1869 - McKinney's Retreat comprised 160 acres (13 lake front), catering to Nevada's mining nabobs for hunting and fishing.

1875 - McKinney built the boathouse on the wharf used as a clubhouse and bar.

1877 - Colwell closed his sawmill and began selling property, holding only the land adjoining McKinney's. The Hunsuckers had added outlying shacks and a pine corral for their stock at Rubicon Springs. Word was that the hunting was excellent (thouands of mule-tail deer were slaughtered and the hides packed down to Lower Hell Hole).

1880 - The Hunsuckers began bottling spring water and selling it at Georgetown and McKinney's. They had a hard time supplying the demand. Health seekers from Nevada were now beginning to come to Rubicon Springs. Water was sold as *Rubicon Water.*

1884 - the Murphys bought the Meeks Bay land for $250 in gold eagles.

1886 - Mrs. Sierra Phillips Clark, "Vade", (daughter of Joseph W. D. Phillips who owned Phillips Station on Johnson Pass road) bought the Rubicon Springs from the Hunsuckers and added Potter's Springs 1 mile away - beginning the RESORT. She got El Dorado County to make the trail from McKinney's over Burton's Pass to Rubicon into a one-way road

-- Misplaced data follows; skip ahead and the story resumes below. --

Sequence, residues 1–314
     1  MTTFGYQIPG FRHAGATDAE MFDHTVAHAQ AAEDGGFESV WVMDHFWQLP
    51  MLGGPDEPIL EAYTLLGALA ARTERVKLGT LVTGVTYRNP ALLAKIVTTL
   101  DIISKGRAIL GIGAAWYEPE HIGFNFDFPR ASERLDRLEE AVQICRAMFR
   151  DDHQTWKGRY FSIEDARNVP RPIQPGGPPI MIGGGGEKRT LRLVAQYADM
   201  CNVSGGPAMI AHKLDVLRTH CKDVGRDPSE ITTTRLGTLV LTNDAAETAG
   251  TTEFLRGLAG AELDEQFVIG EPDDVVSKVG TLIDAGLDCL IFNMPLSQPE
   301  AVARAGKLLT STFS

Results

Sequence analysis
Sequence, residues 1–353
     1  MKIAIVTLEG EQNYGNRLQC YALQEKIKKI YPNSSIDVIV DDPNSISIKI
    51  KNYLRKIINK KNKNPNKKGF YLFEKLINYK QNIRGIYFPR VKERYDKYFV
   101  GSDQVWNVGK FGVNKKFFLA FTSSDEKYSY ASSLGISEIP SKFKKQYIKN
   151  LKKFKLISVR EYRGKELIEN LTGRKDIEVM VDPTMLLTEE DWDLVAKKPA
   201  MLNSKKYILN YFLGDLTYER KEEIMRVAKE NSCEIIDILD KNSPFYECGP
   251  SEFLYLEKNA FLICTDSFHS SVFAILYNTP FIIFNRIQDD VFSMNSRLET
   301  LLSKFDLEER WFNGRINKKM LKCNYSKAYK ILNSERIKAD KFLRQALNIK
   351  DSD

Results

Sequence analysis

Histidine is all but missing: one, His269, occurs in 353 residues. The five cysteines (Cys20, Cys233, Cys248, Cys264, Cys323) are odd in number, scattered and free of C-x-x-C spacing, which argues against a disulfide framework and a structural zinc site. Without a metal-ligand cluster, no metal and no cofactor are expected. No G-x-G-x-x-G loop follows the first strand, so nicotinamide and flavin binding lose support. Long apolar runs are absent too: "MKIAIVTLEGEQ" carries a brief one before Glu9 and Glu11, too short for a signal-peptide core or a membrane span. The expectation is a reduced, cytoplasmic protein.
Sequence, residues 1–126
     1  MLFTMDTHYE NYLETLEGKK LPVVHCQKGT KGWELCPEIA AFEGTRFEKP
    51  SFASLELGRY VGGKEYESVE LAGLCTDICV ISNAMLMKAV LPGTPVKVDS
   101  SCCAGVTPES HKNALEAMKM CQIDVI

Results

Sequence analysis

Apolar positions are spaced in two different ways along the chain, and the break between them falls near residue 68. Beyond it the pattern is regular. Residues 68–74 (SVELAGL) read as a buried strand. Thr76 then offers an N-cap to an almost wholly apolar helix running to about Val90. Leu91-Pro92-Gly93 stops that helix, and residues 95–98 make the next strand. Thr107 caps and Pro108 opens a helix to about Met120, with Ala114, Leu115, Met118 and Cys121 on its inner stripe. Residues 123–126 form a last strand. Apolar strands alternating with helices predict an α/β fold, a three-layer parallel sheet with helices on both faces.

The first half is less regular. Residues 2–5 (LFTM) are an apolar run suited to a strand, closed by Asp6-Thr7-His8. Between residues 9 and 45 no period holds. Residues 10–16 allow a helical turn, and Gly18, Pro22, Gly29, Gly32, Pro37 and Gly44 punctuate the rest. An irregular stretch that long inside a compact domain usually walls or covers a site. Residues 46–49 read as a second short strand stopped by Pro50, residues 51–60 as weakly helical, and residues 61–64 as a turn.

1888 - Phipps sold his property to W. W. "Billy" Lapham who opened a resort and called it "Bellevue" (French for Beautiful View). Rooms cost $2.50 per night.

1889 - Vade built a 2 1/2 story hotel at the Springs, with curtained glass windows, 16 small rooms and a parlor with horsehair furniture and a foot-pedal organ. She used white linens and polished silverware to serve 3 meals per days (sometimes 100 people). On busy weekends, visitors slept in tent, cabins, or under the stars. She also put in service a 4 horse six passenger coach to McKinney's. It took 2 1/2 hrs to cover the 9 miles.

1887 - On August 3, 1887, the County of El Dorado passes a resolution making the roadway from Georgetown through Wentworth Springs and Rubicon Springs to Lake Tahoe a public road.  The basis for use of the Public Land was found in the Mining Law adopted by the Thirty-Ninth Congress in 1866, Session 1 per Chapter 262, Section 8: "That the right of way for the construction of highways over public lands, not reserved for public uses, is hereby granted"; this law was recodified as RS2477.

1889 - The US Geological Survey made what is called Folio #39 (The Truckee Quadrangle) which describes the Rubicon Trail. It is noted that the 1863-1864 boundary of Placer County and El Dorado County was Rubicon River and Rubicon Trail to Lake Tahoe.